Physiol Behav. 2019 Apr 30;207:15-27. doi: 10.1016/j.physbeh.2019.04.028. [Epub ahead of print]
When animals are given access to a palatable food or drink on some days but not on others, the amount they consume can far exceed the daily amounts consumed by controls given daily access. A previous study demonstrated such bingeing when rats were given 4% sucrose solution. Importantly, it also found that, following 1-day-in-4 access for many weeks, intakes remained persistently higher than that of controls even when the conditions were changed to 1-day-in-2 access for both groups. One aim of the three experiments reported here was to test whether such persistent bingeing could be found for other solutions. This was confirmed in rats for a saccharin solution and a highly palatable saccharin-plus-glucose solution. When a maltodextrin solution was used, the 1-day-in-4 schedule initially produced higher intakes than controls given daily access. However, the difference between these groups was not maintained when both were switched to a 1-day-in-2 schedule. These results suggest that the hedonic value of a solution is more important than its caloric content in determining whether it will support persistent bingeing. A second aim was to test for evidence that the 1-day-in-4 procedure induced an addiction to the target solution. No such evidence was found using multiple measures including instrumental responding and anxiety-like behavior on the elevated plus-maze for craving and withdrawal respectively.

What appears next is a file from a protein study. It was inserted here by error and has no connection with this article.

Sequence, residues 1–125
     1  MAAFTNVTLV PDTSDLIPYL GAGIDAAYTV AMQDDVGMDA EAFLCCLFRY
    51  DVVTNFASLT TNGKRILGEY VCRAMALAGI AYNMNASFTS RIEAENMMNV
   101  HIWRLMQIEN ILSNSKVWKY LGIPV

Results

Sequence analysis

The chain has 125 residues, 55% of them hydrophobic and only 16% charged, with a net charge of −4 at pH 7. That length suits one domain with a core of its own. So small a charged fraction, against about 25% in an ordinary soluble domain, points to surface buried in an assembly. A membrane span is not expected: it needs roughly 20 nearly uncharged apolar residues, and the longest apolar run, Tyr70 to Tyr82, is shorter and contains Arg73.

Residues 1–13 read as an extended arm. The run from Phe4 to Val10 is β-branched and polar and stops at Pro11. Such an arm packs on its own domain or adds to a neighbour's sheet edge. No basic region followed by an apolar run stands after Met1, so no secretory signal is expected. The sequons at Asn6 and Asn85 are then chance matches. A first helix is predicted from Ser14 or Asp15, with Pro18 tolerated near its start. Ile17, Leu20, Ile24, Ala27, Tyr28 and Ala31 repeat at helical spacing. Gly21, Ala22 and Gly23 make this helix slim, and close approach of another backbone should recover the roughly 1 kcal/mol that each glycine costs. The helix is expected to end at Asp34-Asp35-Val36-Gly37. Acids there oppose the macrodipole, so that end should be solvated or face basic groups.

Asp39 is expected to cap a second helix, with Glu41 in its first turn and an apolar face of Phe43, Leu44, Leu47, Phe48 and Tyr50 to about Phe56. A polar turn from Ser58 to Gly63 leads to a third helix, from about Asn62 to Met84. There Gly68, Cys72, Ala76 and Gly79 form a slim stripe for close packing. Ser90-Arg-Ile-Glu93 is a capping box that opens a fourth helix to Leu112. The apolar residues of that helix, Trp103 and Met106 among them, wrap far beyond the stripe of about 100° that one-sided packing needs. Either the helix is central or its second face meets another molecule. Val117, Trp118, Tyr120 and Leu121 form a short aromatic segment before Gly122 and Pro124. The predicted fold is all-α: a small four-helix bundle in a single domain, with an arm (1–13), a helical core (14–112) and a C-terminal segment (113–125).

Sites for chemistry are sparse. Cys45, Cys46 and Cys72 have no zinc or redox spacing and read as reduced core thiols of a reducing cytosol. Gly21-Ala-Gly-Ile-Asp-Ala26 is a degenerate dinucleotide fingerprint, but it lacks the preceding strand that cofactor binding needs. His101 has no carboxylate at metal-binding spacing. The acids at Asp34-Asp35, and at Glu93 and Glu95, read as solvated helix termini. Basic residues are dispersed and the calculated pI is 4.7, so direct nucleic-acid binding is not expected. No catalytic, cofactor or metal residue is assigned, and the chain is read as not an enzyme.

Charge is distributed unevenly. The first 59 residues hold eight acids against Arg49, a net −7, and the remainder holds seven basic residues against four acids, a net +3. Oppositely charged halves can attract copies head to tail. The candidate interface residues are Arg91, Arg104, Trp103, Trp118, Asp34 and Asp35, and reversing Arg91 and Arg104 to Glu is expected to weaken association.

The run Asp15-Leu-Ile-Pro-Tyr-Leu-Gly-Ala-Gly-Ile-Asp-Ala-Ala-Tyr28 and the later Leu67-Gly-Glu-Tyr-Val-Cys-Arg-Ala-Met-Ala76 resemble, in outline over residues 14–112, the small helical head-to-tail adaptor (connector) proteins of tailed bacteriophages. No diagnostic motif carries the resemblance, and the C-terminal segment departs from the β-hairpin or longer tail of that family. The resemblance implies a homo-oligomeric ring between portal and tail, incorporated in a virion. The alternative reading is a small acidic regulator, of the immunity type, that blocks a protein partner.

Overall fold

KEYWORDS: Bingeing; Maltodextrin; Rats; Saccharin; Sucrose